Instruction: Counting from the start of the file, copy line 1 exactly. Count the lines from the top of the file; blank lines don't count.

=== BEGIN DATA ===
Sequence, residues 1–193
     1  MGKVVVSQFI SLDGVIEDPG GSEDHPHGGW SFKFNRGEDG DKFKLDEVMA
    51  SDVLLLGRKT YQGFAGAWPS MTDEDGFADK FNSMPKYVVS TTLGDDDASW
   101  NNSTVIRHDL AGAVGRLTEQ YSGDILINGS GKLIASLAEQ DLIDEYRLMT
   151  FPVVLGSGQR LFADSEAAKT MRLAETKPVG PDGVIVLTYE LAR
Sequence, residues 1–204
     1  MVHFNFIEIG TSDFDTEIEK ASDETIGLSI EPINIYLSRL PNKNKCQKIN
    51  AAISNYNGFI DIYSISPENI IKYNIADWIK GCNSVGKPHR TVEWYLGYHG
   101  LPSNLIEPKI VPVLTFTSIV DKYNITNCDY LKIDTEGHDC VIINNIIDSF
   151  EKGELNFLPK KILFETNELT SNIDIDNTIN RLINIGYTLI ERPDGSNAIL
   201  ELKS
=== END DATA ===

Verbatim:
Sequence, residues 1–193